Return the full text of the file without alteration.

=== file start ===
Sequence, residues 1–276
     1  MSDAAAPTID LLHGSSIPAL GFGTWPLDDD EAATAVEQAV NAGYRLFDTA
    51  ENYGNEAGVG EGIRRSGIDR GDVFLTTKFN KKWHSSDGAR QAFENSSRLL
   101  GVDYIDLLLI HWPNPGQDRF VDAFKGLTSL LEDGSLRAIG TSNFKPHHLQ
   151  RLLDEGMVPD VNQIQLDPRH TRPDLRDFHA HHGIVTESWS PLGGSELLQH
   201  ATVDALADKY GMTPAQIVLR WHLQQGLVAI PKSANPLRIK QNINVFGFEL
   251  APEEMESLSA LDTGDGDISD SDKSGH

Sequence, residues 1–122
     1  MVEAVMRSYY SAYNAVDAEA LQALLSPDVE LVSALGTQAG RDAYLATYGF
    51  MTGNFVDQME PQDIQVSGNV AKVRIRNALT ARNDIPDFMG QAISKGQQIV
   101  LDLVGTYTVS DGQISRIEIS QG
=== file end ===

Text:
Sequence, residues 1–276
     1  MSDAAAPTID LLHGSSIPAL GFGTWPLDDD EAATAVEQAV NAGYRLFDTA
    51  ENYGNEAGVG EGIRRSGIDR GDVFLTTKFN KKWHSSDGAR QAFENSSRLL
   101  GVDYIDLLLI HWPNPGQDRF VDAFKGLTSL LEDGSLRAIG TSNFKPHHLQ
   151  RLLDEGMVPD VNQIQLDPRH TRPDLRDFHA HHGIVTESWS PLGGSELLQH
   201  ATVDALADKY GMTPAQIVLR WHLQQGLVAI PKSANPLRIK QNINVFGFEL
   251  APEEMESLSA LDTGDGDISD SDKSGH

Sequence, residues 1–122
     1  MVEAVMRSYY SAYNAVDAEA LQALLSPDVE LVSALGTQAG RDAYLATYGF
    51  MTGNFVDQME PQDIQVSGNV AKVRIRNALT ARNDIPDFMG QAISKGQQIV
   101  LDLVGTYTVS DGQISRIEIS QG